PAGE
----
German incumbent Deutsche Telekom plans to use vectoring technology to double speeds on its VDSL network, theoretically enabling it to deliver speeds up to 100Mbps for downloads and 40Mbps for uploads.
Deutsche Telekom’s CEO Rene Obermann has revealed the plans in an interview on the telco’s website on the company’s future strategy. Obermann said that in order to use vectoring Deutsche Telekom would need permission from the Federal Network Agency, the German regulator, but observed that the Belgian regulator had already given permission for its market.
“”It would be nice if we could use this technology in Germany—the broadband targets of the federal government could be achieved much more quickly,” Obermann said.
Vectoring is a method of reducing noise over copper lines, helping to improve speeds over the copper link between the cabinet and homes. Obermann said that the company preferred fibre-to-cabinet due to the high costs of laying fibre direct to homes and businesses and hinted that vectoring could enable the company to provide better speeds to rural customers. He said that state funding should be used to bridge the gap when it was not economically viable for the telco.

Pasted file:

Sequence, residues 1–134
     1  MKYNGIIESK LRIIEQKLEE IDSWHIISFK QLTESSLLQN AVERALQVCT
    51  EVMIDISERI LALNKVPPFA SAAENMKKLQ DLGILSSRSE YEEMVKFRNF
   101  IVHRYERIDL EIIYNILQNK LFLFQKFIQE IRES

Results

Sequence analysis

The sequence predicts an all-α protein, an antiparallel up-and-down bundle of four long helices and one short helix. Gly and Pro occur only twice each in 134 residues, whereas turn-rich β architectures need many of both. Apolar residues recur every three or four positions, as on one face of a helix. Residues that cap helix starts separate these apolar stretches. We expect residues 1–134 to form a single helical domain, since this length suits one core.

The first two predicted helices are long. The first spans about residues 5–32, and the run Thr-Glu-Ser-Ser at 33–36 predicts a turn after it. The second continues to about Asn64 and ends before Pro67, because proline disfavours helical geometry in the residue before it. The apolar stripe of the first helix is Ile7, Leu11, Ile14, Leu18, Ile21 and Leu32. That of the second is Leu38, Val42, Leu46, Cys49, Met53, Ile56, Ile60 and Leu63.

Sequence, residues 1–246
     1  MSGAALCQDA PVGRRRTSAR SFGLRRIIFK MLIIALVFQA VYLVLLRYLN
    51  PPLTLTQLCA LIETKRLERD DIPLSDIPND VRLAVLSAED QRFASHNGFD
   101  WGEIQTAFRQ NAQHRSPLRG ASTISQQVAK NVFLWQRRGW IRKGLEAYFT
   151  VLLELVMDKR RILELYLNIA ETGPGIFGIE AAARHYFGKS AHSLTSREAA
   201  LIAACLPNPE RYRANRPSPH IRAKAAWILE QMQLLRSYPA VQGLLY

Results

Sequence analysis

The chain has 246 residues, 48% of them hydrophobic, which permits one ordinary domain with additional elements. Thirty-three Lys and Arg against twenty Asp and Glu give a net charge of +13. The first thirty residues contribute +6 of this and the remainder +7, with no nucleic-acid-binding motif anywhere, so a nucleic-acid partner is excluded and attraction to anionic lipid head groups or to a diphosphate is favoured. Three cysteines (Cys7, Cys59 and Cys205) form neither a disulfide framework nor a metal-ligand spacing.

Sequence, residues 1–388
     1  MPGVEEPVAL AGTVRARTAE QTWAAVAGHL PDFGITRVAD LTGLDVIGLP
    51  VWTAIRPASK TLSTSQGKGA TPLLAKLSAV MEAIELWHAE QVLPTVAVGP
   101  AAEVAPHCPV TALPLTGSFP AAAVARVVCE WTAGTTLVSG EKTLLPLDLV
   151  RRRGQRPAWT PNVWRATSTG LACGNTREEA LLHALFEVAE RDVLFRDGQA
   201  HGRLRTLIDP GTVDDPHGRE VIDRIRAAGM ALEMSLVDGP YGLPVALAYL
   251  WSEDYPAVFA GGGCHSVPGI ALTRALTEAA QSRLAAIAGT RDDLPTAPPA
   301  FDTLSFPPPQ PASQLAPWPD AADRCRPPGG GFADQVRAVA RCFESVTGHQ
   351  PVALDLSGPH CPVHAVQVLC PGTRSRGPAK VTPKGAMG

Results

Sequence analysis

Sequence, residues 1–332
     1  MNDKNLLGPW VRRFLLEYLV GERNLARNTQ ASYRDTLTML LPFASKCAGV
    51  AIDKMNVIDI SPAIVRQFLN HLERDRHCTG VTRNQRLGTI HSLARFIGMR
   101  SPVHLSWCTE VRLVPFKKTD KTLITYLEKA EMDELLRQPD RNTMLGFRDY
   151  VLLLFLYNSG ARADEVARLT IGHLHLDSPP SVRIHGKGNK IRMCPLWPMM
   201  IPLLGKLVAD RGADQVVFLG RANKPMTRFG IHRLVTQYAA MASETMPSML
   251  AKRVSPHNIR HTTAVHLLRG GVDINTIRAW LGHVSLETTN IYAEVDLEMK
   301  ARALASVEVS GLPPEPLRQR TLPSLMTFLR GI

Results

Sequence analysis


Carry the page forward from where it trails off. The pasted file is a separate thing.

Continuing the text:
Obermann praised the recent announcement from European Digital Commissioner Neelie Kroes that wholesale prices for broadband lines would not be lowered in order to improve the economics for incumbents to expand their networks.
Deutsche Telekom is looking to cover 24 million households over the next four years with super-fast connections, doubling its current figure of 12 million. This would be achieved with a mixture of fibre-to-the-cabinet and HSPA and LTE connections, Obermann said.
European Digital Commissioner Neelie Kroes is a keynote speaker on Day One of the broadband Broadband World Forum 2012, taking place on the 16 – 18 October 2012 at the RAI Exhibition and Convention Centre, Amsterdam, the Netherlands. Click here now to register your interest.
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